Watch out: For analog technologies, digital means disruption. Just consider what happened to Switzerland’s watch movement industry with the arrival of cheap digital clocks. Or what electronic calculators did to the companies that made mechanical adding machines.
Now it’s the turn for closed-circuit television (CCTV). Used for surveillance in malls, hotels, casinos, and elsewhere, the systems still rely heavily on cameras that transmit analog signals to monitoring rooms where they are recorded on tape. Fully digital systems, which send images over the Internet to be viewed anywhere, were once considered inferior, but sales of this technology have exploded. About 30 percent of the $9 billion CCTV market has shifted to digital, according to IMS, with more to come.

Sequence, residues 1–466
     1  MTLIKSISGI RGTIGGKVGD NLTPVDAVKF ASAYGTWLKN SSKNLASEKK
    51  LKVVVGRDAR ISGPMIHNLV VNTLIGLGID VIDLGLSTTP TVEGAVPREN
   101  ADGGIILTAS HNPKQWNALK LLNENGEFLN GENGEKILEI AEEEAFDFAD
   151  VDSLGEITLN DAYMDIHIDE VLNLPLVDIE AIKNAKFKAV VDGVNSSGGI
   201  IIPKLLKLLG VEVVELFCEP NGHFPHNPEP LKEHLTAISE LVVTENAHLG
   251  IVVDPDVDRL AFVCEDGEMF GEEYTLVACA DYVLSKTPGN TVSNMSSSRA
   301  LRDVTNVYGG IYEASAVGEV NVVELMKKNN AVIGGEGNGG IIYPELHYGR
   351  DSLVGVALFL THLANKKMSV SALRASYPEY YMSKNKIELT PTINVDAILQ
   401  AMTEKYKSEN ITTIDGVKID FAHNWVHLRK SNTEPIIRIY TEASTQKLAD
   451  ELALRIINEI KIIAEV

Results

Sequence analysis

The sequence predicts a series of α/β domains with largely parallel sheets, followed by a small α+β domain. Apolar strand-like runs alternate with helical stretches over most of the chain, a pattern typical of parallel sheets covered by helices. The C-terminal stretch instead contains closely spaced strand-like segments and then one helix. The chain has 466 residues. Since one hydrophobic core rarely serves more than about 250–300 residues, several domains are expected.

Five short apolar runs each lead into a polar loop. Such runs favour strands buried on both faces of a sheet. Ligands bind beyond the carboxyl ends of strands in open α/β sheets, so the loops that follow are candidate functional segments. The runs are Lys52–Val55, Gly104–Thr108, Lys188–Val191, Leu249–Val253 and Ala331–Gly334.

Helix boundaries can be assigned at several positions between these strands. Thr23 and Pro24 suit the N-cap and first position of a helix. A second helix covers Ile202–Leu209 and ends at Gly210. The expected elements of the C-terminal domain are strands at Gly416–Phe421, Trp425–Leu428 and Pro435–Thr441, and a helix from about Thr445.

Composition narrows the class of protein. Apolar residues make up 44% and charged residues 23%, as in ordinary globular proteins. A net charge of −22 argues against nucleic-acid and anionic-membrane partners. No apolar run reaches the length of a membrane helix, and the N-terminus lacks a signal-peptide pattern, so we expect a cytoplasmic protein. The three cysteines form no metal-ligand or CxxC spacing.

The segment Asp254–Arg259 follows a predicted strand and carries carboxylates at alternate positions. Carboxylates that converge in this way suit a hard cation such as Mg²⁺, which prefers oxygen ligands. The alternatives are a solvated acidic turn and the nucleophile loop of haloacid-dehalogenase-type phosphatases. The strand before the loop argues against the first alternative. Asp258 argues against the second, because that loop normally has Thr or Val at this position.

Technology disruptions often leave market-leading companies flat-footed. That is the case in CCTV, says Christian Sandström, a researcher at Stockholm’s Ratio Institute. The leading seller of digital network surveillance video, he notes, is Axis Communications, a company with no previous background in the security industry. Meanwhile, established firms like Pelco and Bosch are losing market share.